Jefferson Airplane always seemed to me to be the rock gods of the summer of love, and it’s about 49 seconds into the opening track “She has Funny Cars” that it becomes clear why, with Grace Slick’s soaring vocals bursting in, that same voice that would later define the epic “White Rabbit”. While “Surrealistic Pillow” was the second effort from the band, this was the first to feature Slick, and as can be seen in the in-your-face powerhouse “Somebody to Love”, it was an introduction that set the Airplane soaring.
Marty Balin takes back the vocals for the sweet and unassuming “My Best Friend”, as well as for the following tracks, the dreamlike “Today” and the heartfelt “Comin’ Back to Me”, before that beat comes back in full force for the fiery “3/5 of a mile in 10 seconds”, full of great guitar licks and a proto-blues pace – oh by the way, it’s 216 mph (I worked it out).
“DCBA” keeps the upbeat feel, and it sounds like a British invasion song until once again amazing Grace comes in and takes it all to a new ethereal level, and “How do you feel” is a pleasant but unremarkable harmony that’s a bit Mama’s and Papa’s. It’s then that things really pick up though.
I was first introduced to “Embryonic Journey” when it was on Bentley Rhythm Ace’s massively underrated FSUK*3 mix album, where it stood up as a nice acoustic beginning to the big beats mayhem that followed. There, as here, it couldn’t have been better named, a gentle acoustic interlude of amniotic bliss, placed cunningly right before things really get going.
To me, “White Rabbit” is the bollocks – it’s THE greatest track that sixties psychedelia had to offer. My dad introduced me to it when I was about 16, giving me advice that stands to this day (albeit paraphrased) – “If you haven’t heard this track at bowel-blistering volume, you haven’t lived”. It’s the quintessential hallucinogenic track, a bolero of Lewis Carroll imagery that builds to a fearful crescendo. It’s been covered countless times from artists as diverse as The Damned, Shakespeare’s Sister, My Morning Jacket and Patti Smith (I also found a dubstep cover on Spotify, but I won’t subject you to that).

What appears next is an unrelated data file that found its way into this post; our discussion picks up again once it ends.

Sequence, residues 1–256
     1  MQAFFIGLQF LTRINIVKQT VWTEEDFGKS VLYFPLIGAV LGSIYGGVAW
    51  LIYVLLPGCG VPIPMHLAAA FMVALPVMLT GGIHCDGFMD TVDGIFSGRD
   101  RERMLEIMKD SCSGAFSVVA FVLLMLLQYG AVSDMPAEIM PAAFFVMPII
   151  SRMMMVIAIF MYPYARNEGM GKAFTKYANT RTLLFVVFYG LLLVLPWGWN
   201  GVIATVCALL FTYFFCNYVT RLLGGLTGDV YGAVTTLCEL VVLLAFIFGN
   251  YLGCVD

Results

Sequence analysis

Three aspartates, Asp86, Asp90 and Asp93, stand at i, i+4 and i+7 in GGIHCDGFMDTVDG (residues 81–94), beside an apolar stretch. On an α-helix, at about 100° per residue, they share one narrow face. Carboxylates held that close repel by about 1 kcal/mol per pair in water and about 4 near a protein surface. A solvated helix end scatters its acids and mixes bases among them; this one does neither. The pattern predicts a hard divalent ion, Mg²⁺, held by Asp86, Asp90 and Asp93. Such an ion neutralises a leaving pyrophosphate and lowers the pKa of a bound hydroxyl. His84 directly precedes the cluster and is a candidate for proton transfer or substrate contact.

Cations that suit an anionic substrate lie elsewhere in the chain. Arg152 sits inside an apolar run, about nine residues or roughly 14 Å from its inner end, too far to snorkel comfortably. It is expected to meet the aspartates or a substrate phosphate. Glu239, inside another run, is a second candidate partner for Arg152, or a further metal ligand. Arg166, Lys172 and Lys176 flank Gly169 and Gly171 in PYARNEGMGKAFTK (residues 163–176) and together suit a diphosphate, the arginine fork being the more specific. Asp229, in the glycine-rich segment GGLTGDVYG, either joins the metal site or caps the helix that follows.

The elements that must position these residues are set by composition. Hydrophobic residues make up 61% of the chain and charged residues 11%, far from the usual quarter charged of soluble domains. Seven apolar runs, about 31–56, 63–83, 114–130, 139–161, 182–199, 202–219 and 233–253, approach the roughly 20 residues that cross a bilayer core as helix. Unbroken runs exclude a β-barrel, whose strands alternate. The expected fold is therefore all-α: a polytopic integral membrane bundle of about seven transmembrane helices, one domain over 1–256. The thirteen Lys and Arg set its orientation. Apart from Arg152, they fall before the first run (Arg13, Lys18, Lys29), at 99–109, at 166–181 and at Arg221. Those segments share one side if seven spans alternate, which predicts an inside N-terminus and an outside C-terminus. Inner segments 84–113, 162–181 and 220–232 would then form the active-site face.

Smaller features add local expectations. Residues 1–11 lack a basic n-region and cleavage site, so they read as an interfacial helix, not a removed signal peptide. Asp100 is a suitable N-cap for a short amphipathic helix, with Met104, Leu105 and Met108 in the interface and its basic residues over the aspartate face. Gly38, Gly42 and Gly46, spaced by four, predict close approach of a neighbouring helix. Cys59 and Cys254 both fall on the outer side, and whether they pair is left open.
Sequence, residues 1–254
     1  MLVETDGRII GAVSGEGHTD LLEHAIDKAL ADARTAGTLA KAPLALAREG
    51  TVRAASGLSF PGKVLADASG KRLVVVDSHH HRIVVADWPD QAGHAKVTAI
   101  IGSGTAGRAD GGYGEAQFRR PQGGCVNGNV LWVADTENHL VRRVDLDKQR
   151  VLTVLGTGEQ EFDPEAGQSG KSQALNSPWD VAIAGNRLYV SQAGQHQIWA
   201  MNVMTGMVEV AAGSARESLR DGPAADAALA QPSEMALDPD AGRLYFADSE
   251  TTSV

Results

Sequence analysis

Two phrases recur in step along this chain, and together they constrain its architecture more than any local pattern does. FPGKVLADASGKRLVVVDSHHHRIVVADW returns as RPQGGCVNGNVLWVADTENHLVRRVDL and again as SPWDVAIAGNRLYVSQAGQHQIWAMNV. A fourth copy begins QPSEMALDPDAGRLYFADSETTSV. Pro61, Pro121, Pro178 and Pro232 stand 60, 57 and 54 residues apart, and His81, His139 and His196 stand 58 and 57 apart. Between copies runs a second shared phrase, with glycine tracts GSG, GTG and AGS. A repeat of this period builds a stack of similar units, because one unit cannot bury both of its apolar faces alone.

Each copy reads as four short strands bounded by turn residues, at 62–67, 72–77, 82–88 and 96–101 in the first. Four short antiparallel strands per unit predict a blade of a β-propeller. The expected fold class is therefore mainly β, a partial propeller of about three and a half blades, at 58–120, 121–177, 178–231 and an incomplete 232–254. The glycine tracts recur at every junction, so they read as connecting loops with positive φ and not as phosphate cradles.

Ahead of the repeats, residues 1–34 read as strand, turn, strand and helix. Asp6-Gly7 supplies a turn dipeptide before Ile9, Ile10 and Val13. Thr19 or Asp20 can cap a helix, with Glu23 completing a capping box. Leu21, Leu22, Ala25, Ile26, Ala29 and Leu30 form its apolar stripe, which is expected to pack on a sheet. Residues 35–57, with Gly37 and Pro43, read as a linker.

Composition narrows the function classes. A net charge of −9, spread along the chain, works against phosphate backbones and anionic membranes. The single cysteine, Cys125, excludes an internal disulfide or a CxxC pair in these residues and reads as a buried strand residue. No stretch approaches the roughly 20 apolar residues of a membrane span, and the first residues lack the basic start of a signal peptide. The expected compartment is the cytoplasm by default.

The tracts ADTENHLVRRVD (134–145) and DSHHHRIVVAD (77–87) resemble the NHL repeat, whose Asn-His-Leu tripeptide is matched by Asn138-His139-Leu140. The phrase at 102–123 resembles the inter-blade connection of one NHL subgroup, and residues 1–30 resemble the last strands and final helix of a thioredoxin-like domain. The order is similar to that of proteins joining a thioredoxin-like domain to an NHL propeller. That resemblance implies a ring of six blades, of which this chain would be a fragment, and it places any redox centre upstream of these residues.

I’m a big fan of the epic Emiliana Torrini version from the soundtrack to the otherwise disappointing “Sucker Punch” though.
Or if that’s not your thing, here’s a gorgeous (and totally different) George Benson cover too.
“Plastic Fantastic Lover”, which closes the album, feels out of place to be honest. It’s so Simon and Garfunkel in its sound it could have been slipped into “Bookends” without anyone noticing, but still, after a while the guitar gets you hooked.
It’s the same for the whole album really. It’s no secret that Grace Slick is the reason this album jumps out, but even in the more subdued folk-rock moments, there’s inviting creativity too. If this album is dominated by two or three standout tracks, then it’s a shame, because even in its more gentle moments, there’s still great things to discover.
And just to think, half of this lot would be singing “We Built this City” just a couple of decades later…